European Journalists Condemn Italian Prime Minister's Interference in Public Broadcasting

The European Federation of Journalists today protested after management of the Italian public television RAI decided to axe programmes made by Enzo Biagi and Michele Santoro, two journalists accused in April by Prime Minister Silvio Berlusconi of "using the public television in a criminal way."


"This smacks of political victimization," said Aidan White, General Secretary of the European Federation of Journalists. "Two months ago the Prime Minister lashes out at his media critics and today we have a new management appointed by the government who conveniently decide that the work of these distinguished journalists should be suppressed."


The European Federation of Journalists has accused Berlusconi of abusing his political position and role as Italy's leading media owner to influence media. "We have been warning for months about undue political interference in the Italian public broadcasting", says White. "These actions at RAI show that the situation is becoming intolerable."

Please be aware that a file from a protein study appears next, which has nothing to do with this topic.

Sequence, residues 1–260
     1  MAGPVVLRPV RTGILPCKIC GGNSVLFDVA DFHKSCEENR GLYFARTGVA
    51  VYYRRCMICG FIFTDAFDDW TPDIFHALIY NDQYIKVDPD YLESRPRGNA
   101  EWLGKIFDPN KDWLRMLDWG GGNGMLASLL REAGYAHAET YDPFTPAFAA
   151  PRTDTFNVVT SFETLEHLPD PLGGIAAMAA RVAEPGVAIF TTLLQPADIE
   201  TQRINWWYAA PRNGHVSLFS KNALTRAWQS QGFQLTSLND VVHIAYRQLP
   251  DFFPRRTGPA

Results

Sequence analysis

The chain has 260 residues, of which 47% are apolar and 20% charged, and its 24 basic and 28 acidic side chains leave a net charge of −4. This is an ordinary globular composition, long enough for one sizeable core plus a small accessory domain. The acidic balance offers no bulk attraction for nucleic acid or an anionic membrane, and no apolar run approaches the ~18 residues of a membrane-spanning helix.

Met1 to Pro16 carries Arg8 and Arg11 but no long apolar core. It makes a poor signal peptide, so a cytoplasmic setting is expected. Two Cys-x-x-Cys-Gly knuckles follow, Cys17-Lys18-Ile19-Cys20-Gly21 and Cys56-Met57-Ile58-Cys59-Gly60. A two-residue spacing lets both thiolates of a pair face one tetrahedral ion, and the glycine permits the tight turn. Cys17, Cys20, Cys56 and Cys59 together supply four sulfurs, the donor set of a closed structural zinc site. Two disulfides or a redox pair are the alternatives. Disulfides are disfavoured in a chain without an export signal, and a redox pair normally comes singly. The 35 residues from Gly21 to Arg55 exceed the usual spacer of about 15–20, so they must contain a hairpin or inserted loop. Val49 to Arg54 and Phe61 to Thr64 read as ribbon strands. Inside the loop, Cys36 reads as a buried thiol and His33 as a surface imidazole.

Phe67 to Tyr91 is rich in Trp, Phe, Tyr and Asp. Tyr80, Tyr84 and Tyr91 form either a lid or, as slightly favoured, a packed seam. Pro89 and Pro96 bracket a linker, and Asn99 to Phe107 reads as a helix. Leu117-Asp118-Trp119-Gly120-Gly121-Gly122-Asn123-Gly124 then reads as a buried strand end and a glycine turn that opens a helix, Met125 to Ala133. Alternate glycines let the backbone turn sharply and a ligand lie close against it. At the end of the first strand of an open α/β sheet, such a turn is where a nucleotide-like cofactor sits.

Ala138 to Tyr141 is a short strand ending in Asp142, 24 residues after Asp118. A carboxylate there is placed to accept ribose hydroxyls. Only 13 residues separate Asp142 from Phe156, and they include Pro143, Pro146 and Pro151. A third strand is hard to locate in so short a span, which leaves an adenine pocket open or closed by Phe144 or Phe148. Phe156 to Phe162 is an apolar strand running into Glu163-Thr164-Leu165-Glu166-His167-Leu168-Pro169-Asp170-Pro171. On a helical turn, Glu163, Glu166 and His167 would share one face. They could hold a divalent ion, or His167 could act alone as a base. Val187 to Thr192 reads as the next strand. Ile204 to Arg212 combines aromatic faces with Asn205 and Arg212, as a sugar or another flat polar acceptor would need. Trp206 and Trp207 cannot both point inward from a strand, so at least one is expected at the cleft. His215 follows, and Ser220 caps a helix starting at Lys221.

The EFJ has demanded that Berlusconi resolves his conflict of interest and has protested to the European Union. The EFJ says journalists are inevitably intimidated when the Prime Minister owns the lion's share of the country's private media and advertising holdings and can, at the same time, choose who is to manage public television.


European-wide concerns are matched by fears at national level where the national journalists' unions, which is affiliated to the EFJ says the actions against Biagi and Santoro "concerns all journalists and all citizens." The General Secretary of the Federazione Nazionale della Stampa Paolo Serventi-Longhi, says that there is a legitimate suspicion that for private or political reasons of the Prime Minister, the management has been asked to put the two journalists aside. "How can journalists work in peace right now?" he asks.


The EFJ and the FNSI are calling on all journalists' organisations for solidarity.